With businesses like Urban Seedling popping up, you can have a vegetable garden on your balcony or in your yard that can provide enough produce to feed your family during the summer months. No space? Why not join a communal or community garden? The garden I belong to costs me nothing but my time, and every Saturday I leave with bags laden with freshly picked produce, ready for eating.
Support local businesses
I try to buy from local companies whenever possible. This not only cuts down on transportation costs and the unnecessary burning of fossil fuels, but it also invests money into the local community. Once again, prices of products manufactured locally can be higher than those made overseas, but what about the human costs? If something you need isn’t produced locally, you could always buy it at an independently owned store. Also, getting to know the people in establishments near your home fosters community, and leads to higher quality of life for everyone involved.
Walk, bike or take the bus
I know that many of us are married to our cars, but if there’s one thing that can make a hugely positive impact on the world, it’s driving less. We complain about gas prices without thinking of the real cost to the planet of every tank of gas we burn. Riding your bike, walking or taking public transit is not only cheaper; it’s also better for your health. You’ll also get to avoid road rage, and if you’re taking the bus, you’ll have time to catch up on your reading.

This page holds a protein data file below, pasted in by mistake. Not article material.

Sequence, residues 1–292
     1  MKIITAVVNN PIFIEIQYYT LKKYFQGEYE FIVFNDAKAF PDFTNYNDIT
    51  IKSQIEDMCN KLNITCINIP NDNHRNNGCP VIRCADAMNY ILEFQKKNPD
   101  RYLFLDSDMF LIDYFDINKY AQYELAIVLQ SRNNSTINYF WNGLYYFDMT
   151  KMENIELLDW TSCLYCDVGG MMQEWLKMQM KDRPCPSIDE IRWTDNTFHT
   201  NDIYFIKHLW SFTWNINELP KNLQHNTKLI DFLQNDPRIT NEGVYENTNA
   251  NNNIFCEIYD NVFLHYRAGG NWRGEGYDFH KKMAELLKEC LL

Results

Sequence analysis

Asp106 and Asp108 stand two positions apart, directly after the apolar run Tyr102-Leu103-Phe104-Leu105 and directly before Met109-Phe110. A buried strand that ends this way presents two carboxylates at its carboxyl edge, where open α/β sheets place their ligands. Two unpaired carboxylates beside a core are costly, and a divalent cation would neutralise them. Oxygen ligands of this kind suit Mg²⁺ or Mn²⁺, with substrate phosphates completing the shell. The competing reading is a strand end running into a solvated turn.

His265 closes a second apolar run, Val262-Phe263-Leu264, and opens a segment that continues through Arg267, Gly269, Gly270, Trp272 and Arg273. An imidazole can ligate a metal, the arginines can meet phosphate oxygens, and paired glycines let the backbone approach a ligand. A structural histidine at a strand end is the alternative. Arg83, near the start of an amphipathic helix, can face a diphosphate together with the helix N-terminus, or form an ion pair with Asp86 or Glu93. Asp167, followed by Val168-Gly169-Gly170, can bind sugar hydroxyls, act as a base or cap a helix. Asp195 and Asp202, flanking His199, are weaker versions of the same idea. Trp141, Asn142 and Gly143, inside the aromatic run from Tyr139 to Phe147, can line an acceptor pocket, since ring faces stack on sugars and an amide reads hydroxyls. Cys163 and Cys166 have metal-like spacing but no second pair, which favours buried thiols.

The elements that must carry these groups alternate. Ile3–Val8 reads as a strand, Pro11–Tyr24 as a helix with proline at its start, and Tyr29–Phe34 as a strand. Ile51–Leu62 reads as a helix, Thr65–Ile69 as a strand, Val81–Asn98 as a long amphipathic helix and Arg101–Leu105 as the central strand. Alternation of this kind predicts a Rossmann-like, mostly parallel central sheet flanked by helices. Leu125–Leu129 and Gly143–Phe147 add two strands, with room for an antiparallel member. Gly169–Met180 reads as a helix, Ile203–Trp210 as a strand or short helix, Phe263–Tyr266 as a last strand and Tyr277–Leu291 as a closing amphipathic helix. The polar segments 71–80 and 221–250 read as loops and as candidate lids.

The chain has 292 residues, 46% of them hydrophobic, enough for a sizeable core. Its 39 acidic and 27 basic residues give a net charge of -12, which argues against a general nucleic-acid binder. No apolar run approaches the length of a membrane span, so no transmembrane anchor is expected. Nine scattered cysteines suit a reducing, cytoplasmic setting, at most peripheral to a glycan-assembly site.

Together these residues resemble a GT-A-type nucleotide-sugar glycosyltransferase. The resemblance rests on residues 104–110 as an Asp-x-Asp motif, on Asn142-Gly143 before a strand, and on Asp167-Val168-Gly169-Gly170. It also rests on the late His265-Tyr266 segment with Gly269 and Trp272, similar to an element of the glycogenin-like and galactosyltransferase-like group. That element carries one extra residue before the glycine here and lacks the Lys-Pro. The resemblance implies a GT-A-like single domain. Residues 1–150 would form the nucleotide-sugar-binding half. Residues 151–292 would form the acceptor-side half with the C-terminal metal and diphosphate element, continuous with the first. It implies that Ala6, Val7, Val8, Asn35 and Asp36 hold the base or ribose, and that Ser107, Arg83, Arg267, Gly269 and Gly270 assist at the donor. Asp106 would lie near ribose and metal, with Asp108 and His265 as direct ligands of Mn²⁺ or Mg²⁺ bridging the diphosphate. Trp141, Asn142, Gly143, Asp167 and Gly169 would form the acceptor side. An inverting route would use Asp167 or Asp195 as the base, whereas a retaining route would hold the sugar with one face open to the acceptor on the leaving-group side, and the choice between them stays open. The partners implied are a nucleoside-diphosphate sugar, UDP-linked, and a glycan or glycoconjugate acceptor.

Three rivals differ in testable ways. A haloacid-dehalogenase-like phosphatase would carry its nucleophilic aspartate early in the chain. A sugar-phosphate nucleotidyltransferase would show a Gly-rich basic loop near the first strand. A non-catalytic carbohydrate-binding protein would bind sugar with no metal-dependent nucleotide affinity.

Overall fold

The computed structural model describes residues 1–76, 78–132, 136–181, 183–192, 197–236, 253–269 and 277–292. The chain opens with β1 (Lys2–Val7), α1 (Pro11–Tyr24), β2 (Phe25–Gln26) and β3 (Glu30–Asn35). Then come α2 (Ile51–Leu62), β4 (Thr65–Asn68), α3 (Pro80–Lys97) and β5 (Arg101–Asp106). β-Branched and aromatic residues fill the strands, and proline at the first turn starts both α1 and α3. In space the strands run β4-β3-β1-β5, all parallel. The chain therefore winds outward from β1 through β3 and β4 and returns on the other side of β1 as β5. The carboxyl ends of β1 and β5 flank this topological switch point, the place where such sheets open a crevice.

Buy Used or Second-hand
I try not to buy anything new unless I have to. Yes, there are certain things that you can’t really buy second hand (food, toothbrushes and underwear come to mind). But for most other things you can hit the thrift store or search craigslist, kijiji or other online classified ads for a nearly new version.
Get Rid of your Credit Cards
If you no longer had credit, would you buy as much? If you could only spend the money in your wallet, would that kind of ugly $30 shirt make it into your cart, or would you think twice about buying something you’re unlikely to wear more than once? I admit, I still have a credit card, but I try to limit myself to using it only on big purchases like plane tickets.
Reuse, Reduce, Recycle
I remember this campaign from when I was a kid. It’s no less relevant today than it was in the 80s. Don’t just throw things away: glass jars, egg cartons, Ziploc bags: all of these things can be reused in multiple ways. Buy less. Be mindful of what you use and how. And when you do finish drinking your coffee or soda, throw the bottle or cup into a recycling bin (or better yet, take your own cup with your to the café).
Eat Less Meat
I recently watched a TED talk in which Graham Hill, CEO of Treehugger talks about being a weekday vegetarian. In a recent column by Mark Bittman in the New York times, he talks about eating vegan before 6pm. Eating less meat and animal products is better for your health, and the health of the planet. So whether it’s cutting meat during the week, or cutting your consumption by eating only organic or pasture-raised local meat, reducing your consumption is a major way to diminish your ecological footprint, and you’ll likely lose a few pounds in the process
Learn to meditate
This might seem like an odd inclusion, but it might be the most important of them all. Meditation fosters a greater sense of wellbeing, which is spread from person to person. Taking a short amount of time each day to clear your mind, and being mindful of how you react to others and your surroundings, can have a profound impact on your life and the lives of those nearest to you.